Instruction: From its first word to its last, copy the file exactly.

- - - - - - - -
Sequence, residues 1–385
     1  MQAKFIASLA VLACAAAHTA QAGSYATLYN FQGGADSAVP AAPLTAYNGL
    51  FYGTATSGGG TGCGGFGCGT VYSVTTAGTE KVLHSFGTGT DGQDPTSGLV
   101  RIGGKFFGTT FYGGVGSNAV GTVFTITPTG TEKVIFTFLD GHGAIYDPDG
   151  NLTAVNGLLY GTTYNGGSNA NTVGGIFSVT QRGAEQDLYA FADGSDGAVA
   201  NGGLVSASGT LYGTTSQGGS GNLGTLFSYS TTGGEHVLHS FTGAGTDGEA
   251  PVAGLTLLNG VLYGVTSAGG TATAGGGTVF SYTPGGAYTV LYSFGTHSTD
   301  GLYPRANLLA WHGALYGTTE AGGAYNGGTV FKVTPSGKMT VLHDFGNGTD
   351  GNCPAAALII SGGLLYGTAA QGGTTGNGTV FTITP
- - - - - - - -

Sequence, residues 1–385
     1  MQAKFIASLA VLACAAAHTA QAGSYATLYN FQGGADSAVP AAPLTAYNGL
    51  FYGTATSGGG TGCGGFGCGT VYSVTTAGTE KVLHSFGTGT DGQDPTSGLV
   101  RIGGKFFGTT FYGGVGSNAV GTVFTITPTG TEKVIFTFLD GHGAIYDPDG
   151  NLTAVNGLLY GTTYNGGSNA NTVGGIFSVT QRGAEQDLYA FADGSDGAVA
   201  NGGLVSASGT LYGTTSQGGS GNLGTLFSYS TTGGEHVLHS FTGAGTDGEA
   251  PVAGLTLLNG VLYGVTSAGG TATAGGGTVF SYTPGGAYTV LYSFGTHSTD
   301  GLYPRANLLA WHGALYGTTE AGGAYNGGTV FKVTPSGKMT VLHDFGNGTD
   351  GNCPAAALII SGGLLYGTAA QGGTTGNGTV FTITP